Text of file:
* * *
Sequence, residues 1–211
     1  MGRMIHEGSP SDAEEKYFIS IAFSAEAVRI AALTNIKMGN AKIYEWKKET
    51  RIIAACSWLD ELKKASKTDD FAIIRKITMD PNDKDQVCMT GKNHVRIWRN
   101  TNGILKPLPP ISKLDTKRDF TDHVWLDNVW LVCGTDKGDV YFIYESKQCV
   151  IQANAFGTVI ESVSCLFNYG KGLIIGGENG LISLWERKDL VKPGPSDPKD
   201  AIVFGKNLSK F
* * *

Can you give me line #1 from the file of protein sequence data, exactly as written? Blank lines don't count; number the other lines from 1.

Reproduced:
Sequence, residues 1–211